5. The rules of the marketing game are constantly changing. Oh, and the goal posts are always moving, too. Content marketing seeks to make relevant, helpful information available on the channels that your target audience prefers. Changes in market conditions, customer preferences, competitor behavior, and technology (particularly search and social media platforms) all affect the definitions of “relevant” and “helpful” and your audience’s channel predilections. This means that content marketers must always be experimenting to figure out what works, since what worked last week or last month probably won’t work as well next week or next month.
6. Content marketing strategies seldom fail, but they are frequently abandoned. Online propaganda that offers quick fixes, jammed calendars, and explosive growth creates the false impression than marketing can be quick, cheap, and easy. In reality, successful marketing takes time, costs money, and requires hard work. Expectations must be level-set accordingly.
There’s so much more I want to share but this is neither the time nor the place. Message me if anything I’ve written here sparks curiosity or sets off alarm bells.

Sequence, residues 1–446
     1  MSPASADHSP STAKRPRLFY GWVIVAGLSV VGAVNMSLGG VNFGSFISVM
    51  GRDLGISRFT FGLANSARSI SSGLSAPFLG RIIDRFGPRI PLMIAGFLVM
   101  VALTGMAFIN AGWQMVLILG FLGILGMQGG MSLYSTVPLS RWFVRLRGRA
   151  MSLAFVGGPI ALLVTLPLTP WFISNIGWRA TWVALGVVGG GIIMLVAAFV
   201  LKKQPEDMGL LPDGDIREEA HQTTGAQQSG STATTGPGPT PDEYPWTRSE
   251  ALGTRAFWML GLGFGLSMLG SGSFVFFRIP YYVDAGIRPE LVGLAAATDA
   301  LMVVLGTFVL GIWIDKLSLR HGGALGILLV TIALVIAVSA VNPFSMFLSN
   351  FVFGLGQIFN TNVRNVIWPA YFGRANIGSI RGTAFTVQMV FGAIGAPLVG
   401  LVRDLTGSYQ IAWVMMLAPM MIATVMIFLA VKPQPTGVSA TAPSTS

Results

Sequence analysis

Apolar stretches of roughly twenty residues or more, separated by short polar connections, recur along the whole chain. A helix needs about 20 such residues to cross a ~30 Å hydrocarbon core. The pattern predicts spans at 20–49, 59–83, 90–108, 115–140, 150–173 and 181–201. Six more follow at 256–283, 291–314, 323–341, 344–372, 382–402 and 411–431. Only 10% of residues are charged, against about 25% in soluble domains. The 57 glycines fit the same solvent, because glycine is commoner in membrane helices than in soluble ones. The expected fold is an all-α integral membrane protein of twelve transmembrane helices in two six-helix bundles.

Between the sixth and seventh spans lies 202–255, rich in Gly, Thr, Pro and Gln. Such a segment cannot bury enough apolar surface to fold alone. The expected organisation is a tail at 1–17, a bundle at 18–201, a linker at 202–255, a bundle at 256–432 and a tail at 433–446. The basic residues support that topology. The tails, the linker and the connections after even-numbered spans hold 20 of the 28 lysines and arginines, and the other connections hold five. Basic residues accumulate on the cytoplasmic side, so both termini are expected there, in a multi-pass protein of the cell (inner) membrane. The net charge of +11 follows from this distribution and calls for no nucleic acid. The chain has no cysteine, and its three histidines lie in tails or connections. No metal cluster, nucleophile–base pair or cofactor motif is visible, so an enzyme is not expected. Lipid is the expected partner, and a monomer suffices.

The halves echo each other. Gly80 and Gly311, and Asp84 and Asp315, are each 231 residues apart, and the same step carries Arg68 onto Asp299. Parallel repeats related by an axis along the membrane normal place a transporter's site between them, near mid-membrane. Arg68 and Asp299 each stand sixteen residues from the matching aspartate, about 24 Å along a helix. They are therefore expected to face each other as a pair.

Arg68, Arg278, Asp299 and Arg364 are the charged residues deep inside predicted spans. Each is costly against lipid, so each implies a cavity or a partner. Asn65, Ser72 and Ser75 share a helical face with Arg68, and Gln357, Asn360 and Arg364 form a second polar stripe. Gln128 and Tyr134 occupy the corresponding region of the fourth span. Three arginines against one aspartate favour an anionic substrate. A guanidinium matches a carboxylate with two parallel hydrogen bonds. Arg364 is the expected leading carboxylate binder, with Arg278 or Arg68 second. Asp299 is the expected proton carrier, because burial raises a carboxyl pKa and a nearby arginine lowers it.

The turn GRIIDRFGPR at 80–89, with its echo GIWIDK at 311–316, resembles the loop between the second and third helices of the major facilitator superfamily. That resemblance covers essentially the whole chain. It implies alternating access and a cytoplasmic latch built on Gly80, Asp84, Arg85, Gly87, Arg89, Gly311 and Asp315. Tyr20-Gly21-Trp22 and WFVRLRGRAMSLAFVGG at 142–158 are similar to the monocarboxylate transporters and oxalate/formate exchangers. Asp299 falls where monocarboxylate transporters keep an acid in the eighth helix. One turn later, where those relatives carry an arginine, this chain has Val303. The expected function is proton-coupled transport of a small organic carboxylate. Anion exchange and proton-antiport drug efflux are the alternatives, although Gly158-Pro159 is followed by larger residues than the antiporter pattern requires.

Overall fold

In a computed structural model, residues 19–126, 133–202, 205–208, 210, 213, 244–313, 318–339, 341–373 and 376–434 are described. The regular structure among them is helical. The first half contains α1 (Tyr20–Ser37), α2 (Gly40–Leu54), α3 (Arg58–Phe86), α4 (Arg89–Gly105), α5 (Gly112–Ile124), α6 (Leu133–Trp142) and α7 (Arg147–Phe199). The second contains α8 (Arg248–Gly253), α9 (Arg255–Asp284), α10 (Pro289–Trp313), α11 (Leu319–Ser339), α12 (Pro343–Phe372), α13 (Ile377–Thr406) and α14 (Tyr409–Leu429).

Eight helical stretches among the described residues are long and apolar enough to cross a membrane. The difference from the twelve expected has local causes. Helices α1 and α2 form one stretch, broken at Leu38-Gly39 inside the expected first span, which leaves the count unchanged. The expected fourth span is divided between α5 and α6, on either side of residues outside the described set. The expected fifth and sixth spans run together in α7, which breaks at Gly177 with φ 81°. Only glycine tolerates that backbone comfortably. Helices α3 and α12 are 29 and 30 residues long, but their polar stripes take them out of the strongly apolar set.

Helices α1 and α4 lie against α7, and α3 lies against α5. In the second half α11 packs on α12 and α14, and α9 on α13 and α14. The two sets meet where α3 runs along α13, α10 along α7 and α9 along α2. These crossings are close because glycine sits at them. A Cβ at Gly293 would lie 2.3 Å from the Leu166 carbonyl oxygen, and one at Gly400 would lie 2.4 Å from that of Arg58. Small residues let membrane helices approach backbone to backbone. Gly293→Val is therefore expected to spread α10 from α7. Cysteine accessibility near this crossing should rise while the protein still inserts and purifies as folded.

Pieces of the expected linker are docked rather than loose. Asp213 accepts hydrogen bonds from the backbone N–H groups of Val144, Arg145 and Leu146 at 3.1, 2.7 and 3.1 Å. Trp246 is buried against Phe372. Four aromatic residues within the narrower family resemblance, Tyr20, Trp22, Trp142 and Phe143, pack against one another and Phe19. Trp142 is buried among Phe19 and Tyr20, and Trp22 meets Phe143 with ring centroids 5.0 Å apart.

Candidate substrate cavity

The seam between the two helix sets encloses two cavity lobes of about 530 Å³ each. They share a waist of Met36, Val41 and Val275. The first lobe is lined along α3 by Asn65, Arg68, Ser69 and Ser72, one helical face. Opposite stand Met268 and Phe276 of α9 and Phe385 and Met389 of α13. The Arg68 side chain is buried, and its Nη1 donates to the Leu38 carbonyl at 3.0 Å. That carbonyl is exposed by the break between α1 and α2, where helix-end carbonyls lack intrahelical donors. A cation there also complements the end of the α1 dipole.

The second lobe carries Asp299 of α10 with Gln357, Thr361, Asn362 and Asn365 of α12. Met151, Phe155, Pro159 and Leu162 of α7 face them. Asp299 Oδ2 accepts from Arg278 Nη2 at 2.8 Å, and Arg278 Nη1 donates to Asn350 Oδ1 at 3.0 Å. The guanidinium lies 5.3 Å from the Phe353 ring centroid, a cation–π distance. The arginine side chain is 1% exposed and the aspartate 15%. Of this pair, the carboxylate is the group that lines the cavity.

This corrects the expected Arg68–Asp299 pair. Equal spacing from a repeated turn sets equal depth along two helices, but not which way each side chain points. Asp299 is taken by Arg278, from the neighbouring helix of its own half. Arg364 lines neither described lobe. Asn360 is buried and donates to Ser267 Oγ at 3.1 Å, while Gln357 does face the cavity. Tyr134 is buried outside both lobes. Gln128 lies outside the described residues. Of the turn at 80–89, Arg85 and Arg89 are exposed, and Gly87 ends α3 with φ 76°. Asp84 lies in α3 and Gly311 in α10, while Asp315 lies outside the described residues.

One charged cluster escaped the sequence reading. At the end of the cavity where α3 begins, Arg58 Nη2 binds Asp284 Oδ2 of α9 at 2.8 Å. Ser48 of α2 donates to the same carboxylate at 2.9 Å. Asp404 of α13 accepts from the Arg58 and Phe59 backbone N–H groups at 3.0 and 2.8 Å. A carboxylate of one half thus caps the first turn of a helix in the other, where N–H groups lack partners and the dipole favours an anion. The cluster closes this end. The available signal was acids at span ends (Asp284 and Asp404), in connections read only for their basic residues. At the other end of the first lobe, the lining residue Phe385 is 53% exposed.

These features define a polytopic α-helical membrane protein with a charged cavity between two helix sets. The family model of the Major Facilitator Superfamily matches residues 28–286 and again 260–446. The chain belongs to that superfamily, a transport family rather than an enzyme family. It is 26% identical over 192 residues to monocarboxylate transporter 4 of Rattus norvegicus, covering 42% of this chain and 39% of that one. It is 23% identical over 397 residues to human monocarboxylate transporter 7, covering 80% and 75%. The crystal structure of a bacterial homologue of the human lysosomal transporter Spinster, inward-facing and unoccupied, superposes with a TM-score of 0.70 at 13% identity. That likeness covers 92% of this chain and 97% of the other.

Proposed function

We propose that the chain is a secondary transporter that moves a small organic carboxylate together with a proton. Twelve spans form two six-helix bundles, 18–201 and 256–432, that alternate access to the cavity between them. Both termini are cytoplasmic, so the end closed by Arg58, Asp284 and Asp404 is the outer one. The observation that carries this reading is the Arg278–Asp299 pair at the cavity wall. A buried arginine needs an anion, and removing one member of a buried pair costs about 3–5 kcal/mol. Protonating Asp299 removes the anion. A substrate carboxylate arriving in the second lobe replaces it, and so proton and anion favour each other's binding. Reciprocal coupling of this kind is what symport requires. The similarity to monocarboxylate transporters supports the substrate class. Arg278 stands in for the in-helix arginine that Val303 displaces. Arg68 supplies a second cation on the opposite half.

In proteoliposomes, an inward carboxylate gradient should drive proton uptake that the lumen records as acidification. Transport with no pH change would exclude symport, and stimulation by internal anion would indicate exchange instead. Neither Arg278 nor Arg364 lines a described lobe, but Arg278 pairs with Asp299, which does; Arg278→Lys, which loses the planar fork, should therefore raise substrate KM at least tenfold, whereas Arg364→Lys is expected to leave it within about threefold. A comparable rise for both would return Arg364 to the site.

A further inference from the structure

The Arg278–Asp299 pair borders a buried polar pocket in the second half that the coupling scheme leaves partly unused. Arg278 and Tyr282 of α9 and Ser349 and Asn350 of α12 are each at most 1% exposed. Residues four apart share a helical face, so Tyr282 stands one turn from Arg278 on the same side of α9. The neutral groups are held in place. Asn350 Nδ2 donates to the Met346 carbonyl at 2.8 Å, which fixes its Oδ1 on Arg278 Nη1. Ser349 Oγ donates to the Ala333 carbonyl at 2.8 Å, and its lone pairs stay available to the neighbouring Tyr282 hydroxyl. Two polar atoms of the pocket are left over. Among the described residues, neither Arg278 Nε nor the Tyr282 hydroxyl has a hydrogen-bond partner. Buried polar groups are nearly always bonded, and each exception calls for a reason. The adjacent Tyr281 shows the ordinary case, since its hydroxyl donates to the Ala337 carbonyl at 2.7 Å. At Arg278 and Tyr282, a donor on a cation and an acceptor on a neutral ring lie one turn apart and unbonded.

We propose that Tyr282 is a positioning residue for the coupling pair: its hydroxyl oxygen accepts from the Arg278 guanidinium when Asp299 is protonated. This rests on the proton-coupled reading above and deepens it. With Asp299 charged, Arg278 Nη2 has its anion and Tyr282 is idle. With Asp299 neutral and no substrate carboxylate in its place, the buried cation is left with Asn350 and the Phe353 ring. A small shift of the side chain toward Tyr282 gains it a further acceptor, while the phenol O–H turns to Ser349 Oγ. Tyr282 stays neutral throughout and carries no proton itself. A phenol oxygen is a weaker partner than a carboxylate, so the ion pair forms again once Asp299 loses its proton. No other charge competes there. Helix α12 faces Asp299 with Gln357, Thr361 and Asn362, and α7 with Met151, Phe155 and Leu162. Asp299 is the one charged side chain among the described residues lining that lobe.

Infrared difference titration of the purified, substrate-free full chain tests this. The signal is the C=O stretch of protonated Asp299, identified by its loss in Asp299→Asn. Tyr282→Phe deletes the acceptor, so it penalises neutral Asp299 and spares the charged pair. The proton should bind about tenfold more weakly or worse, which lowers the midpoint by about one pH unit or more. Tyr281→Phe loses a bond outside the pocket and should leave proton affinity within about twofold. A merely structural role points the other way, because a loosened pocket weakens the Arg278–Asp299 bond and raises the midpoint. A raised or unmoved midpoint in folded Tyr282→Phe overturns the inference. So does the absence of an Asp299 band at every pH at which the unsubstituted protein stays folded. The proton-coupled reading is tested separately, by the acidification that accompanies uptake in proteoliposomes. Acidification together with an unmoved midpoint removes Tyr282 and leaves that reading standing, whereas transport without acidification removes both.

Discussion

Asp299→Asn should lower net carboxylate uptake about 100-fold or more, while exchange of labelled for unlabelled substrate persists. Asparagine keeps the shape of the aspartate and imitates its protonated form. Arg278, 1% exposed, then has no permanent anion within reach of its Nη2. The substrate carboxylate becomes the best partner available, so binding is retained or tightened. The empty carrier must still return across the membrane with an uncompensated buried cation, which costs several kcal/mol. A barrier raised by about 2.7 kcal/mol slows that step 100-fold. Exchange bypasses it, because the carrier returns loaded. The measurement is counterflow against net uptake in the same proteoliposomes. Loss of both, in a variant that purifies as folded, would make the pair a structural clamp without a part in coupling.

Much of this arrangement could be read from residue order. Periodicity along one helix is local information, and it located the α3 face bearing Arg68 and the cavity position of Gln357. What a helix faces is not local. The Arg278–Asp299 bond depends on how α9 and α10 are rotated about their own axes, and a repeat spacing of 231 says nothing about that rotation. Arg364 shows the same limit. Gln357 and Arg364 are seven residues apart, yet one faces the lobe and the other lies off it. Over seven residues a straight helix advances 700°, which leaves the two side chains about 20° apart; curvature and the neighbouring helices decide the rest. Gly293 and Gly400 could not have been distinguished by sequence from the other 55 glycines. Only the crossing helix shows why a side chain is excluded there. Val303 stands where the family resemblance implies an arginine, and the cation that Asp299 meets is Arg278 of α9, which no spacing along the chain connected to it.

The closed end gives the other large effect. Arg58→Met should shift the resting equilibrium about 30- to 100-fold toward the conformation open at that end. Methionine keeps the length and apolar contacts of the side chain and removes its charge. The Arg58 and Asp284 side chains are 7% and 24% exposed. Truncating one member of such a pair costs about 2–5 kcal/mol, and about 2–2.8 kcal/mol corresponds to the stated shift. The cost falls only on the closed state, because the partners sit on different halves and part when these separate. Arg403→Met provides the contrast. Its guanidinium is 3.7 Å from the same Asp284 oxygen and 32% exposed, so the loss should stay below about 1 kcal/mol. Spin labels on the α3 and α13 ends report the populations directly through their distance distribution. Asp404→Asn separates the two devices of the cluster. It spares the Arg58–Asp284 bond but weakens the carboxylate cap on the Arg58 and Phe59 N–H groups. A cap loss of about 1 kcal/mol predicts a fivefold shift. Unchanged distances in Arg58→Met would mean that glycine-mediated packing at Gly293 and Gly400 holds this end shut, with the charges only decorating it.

Not much to say here except “more of the same!”
The books will (eventually) be published. Webinars are in the works. Clients are keeping me busy, and I have room to take on a couple more (grab time here if you’d like to chat).
Remember that every B2B company in every industry must embrace some form of content marketing strategy or else risk disappearing into obscurity and combine that with the six insights above and you’ll see there’s plenty of work to be done.
I’m excited for what 2023 holds in store at MessageUp!
In case you think I’ve drunk a glass too many of the content marketing Kool-Aid (or some other potent libation), let me wrap up this post with a few non-marketing observations.